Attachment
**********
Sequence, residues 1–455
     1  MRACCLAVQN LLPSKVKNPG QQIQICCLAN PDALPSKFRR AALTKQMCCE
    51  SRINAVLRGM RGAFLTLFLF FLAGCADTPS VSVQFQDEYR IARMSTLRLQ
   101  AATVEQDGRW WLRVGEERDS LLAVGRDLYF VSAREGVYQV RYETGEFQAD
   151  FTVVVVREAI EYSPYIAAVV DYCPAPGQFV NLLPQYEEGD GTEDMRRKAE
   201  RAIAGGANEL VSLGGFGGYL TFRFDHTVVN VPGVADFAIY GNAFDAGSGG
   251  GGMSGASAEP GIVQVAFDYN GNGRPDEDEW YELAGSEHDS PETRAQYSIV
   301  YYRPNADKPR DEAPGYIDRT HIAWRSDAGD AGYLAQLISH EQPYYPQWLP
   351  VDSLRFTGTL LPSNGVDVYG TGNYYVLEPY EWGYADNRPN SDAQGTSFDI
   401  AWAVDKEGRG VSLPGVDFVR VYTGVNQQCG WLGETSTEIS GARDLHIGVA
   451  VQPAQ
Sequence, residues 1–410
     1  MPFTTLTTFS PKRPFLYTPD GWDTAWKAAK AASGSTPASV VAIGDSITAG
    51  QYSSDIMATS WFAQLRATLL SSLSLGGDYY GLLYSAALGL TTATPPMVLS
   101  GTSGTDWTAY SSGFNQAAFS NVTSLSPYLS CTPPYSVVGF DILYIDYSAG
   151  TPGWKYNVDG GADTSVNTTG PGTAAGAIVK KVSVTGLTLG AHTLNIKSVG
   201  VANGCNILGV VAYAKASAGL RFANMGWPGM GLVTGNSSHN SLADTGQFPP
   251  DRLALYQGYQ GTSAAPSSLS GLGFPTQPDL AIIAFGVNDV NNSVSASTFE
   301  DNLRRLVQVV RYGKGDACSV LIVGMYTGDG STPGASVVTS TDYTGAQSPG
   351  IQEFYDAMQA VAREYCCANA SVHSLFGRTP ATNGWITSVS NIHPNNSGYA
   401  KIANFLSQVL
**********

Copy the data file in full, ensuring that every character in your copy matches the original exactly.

Sequence, residues 1–455
     1  MRACCLAVQN LLPSKVKNPG QQIQICCLAN PDALPSKFRR AALTKQMCCE
    51  SRINAVLRGM RGAFLTLFLF FLAGCADTPS VSVQFQDEYR IARMSTLRLQ
   101  AATVEQDGRW WLRVGEERDS LLAVGRDLYF VSAREGVYQV RYETGEFQAD
   151  FTVVVVREAI EYSPYIAAVV DYCPAPGQFV NLLPQYEEGD GTEDMRRKAE
   201  RAIAGGANEL VSLGGFGGYL TFRFDHTVVN VPGVADFAIY GNAFDAGSGG
   251  GGMSGASAEP GIVQVAFDYN GNGRPDEDEW YELAGSEHDS PETRAQYSIV
   301  YYRPNADKPR DEAPGYIDRT HIAWRSDAGD AGYLAQLISH EQPYYPQWLP
   351  VDSLRFTGTL LPSNGVDVYG TGNYYVLEPY EWGYADNRPN SDAQGTSFDI
   401  AWAVDKEGRG VSLPGVDFVR VYTGVNQQCG WLGETSTEIS GARDLHIGVA
   451  VQPAQ
Sequence, residues 1–410
     1  MPFTTLTTFS PKRPFLYTPD GWDTAWKAAK AASGSTPASV VAIGDSITAG
    51  QYSSDIMATS WFAQLRATLL SSLSLGGDYY GLLYSAALGL TTATPPMVLS
   101  GTSGTDWTAY SSGFNQAAFS NVTSLSPYLS CTPPYSVVGF DILYIDYSAG
   151  TPGWKYNVDG GADTSVNTTG PGTAAGAIVK KVSVTGLTLG AHTLNIKSVG
   201  VANGCNILGV VAYAKASAGL RFANMGWPGM GLVTGNSSHN SLADTGQFPP
   251  DRLALYQGYQ GTSAAPSSLS GLGFPTQPDL AIIAFGVNDV NNSVSASTFE
   301  DNLRRLVQVV RYGKGDACSV LIVGMYTGDG STPGASVVTS TDYTGAQSPG
   351  IQEFYDAMQA VAREYCCANA SVHSLFGRTP ATNGWITSVS NIHPNNSGYA
   401  KIANFLSQVL